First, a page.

The incidence of non-Hodgkin's lymphoma (NHL) has nearly doubled over the past four decades in the US and most westernized countries, and changes in disease reporting and classification and in the prevalence of known risk factors do not account for the entirety of this increase. Two prior studies provided evidence for an association between use of tricyclic antidepressants (TCAs) and the occurrence of NHLs, but they were unable to investigate associations within NHL subtypes, which are known to be etiologically diverse. In response to the National Institutes of Health announcement for small grants in cancer epidemiology, we propose to conduct a case-control study of NHL among members of Group Health (GH), a large integrated healthcare delivery system in western Washington State. Cases will include all GH members with a diagnosis of NHL between 1980-2009, who were e25 years old and had been GH members for e2 years at diagnosis, and who meet the exclusion criteria. Controls will be selected from the defined population of GH members, thus they should be representative of the population that gave rise to cases. They will be matched 8:1 with cases on age (5-year age groups), sex, date of case's diagnosis (the reference date), and length of membership. TCA use will be ascertained using a 30-year automated pharmacy database which contains detailed data on every prescription dispensed at GH, recorded consistently and prospectively throughout the study period and thus prior to reference date and similarly for cases and controls. We will test whether: (1) prior TCA users are at an increased risk of NHL, and (2) whether the association varies by type of NHL. These data will permit a valid assessment of the risk of NHL in relation to the duration, dose, regency, and type of TCA use, both overall and for specific types of NHL. The proposed study has the advantages typical of the case-control design, as it is efficient in terms of both costs and timeline, while also avoiding many of the biases often found in case-control studies. The use of prospectively collected automated data prevents recall bias and information bias, and use of the defined population of GH enrollees ensures that controls are representative of the population at risk of NHL.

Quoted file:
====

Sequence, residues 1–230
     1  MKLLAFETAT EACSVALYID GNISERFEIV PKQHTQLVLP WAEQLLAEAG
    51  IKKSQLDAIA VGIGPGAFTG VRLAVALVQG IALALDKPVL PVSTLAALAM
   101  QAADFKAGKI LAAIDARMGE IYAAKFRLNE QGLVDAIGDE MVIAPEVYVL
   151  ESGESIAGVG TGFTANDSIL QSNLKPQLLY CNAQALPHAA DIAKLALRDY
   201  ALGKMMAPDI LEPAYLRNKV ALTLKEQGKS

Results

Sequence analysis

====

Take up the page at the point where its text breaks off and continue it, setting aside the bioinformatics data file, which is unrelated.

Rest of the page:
Rates of non-Hodgkin's lymphoma (NHL) have nearly doubled over the past four decades in the US, making it the sixth most common cancer in both men and women, and this increase is not entirely explained by known factors. Previous studies suggest that tricyclic antidepressant (TCA) users are at an increased risk of NHL, but they did not examine the risk of specific NHL subtypes in association with TCA use. Because TCAs continue to be widely used, and because of the etiologic heterogeneity across subtypes in this common class of cancers, an assessment of NHL incidence in TCA users represents an important undertaking.
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